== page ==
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September, 2010
Are Informers Reliable?

      By Mike La Sorte, Professor Emeritus


Mike La Sorte is a professor emeritus (SUNY) and writes extensively on a variety of subjects.

* * *

     Can government informers be relied upon to give true testimony about themselves and others?

     A criminal who turns state’s evidence against his former associates has his own motives for doing so. It may be a desire to evade or shorten incarceration time, to gain protective custody and a new identity, to settle old scores, or monetary gain. He could be sincerely penitent. (Italian informers are called pentiti.) Perhaps he bathes in the attention he receives and enjoys matching wits with his interrogators, who have their own agendas. Given that most want to escape a dangerous situation, their sincerity has been questioned, especially as their numbers have increased.

     Take the case of Luciano Aviello, a former member of a Neapolitan camorra clan. He has claimed on many occasions inside information on a variety of individuals and events over the years.

     Camorristi pentiti have not been common. How reliable have Aviello’s revelations been since the first in 1990? At 21 years of age he presented himself one morning at the offices of the newspaper Il Mattino and declared that he could relate many secrets about the camorra clan operating in the Spanish Quarters of the city. (Earlier attempts by him to engage the police on such matters proved unsuccessful.) Aviello, with total self-confidence and a bit of bravado, assured the editors that as a clan member in good standing he had inside information on those who were at that moment engaging in a killing spree.

     Luciano Aviello was born and bred in Naples, socialized into the street culture, left school early, and never had legitimate employment. What he knew was opportunistic thievery. As he matured he graduated to narcotrafficking, extortion and prostitution. As to the latter, it involved femminielli (transsexuals), an easily exploitable class, who practiced their trade in the Bassi, the crowded slums of lower Naples, and preyed upon by the likes of Aviello.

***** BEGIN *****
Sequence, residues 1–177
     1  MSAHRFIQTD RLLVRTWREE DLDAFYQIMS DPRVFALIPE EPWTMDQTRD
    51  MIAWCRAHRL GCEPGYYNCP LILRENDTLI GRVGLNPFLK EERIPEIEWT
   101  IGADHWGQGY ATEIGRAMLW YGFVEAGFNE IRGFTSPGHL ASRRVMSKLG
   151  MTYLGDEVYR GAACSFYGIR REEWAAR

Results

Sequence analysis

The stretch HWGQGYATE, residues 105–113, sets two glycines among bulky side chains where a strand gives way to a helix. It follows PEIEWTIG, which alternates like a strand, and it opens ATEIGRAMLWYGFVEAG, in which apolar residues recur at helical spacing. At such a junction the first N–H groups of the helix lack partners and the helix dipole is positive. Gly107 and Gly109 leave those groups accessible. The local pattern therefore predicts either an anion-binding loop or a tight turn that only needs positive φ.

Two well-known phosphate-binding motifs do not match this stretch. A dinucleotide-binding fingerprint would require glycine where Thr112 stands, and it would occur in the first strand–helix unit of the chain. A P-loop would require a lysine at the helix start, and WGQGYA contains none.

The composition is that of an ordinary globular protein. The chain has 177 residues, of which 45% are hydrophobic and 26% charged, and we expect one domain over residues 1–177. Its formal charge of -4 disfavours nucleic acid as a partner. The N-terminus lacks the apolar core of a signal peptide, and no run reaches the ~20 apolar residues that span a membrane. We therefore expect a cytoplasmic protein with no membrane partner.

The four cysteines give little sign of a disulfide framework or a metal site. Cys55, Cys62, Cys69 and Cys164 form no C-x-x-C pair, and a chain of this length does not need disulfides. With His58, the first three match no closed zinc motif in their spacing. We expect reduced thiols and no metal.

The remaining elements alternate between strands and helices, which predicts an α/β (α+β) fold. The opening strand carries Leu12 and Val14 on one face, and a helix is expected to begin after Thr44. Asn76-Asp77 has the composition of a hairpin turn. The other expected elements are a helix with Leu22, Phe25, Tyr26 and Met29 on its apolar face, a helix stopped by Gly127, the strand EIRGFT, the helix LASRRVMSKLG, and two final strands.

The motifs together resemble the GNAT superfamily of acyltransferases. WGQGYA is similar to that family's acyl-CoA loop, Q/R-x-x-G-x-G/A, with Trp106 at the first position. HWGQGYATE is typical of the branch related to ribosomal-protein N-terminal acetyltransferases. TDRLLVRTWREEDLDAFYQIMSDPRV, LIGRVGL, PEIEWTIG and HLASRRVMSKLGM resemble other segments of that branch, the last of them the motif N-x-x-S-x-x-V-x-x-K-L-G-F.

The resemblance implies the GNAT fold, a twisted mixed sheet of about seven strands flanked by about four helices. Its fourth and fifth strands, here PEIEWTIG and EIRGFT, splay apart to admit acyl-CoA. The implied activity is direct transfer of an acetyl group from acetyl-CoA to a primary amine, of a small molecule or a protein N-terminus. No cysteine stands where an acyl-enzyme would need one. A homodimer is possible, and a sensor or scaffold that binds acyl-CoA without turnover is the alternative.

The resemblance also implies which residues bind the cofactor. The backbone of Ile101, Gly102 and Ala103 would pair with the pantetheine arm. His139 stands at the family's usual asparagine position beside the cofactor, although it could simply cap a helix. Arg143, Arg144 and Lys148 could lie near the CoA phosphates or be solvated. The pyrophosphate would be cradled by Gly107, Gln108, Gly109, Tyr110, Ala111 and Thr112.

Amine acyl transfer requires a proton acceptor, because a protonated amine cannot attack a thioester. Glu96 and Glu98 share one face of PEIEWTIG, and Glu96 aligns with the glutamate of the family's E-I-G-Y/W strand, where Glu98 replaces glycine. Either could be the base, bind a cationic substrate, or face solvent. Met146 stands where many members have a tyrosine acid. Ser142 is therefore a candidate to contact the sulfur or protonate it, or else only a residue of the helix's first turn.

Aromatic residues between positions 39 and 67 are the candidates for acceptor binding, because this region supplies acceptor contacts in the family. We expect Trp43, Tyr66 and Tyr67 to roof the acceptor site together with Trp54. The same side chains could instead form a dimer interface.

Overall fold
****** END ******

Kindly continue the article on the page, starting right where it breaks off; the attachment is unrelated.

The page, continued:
He had not escaped the attention of the authorities. He had an arrest record and had called on them more than once, asking for protection. “I want to get away from the city,” he implored. Luciano left the impression of knowing much of the underworld and could be of significant use to the police.

     He was introduced to the rackets by his cousin (who was to be gunned down by Camorra shooters). The criminal life for Luciano became for him “La bella vita,” the beautiful life, a life in which the money effortlessly flowed in, quickly spent on fast cars, fancy clothes, loose women, and sniffing the good stuff: boys acting like big shots, engaged in all that Neapolitan criminality could offer, a life that otherwise was out of reach for him and his kind.

     His boasting included the impression that he was deeply into the mob. He saw himself as more than an ordinary thug. “I present myself in a certain manner, even elegant.”

     At age sixteen Aviello’s cousin proposed that they sell tickets in the Lotto nero (illegal lottery). He was soon earning a few hundred dollars a week and said to be moving packages of contraband…arms, drugs, from sellers to customers.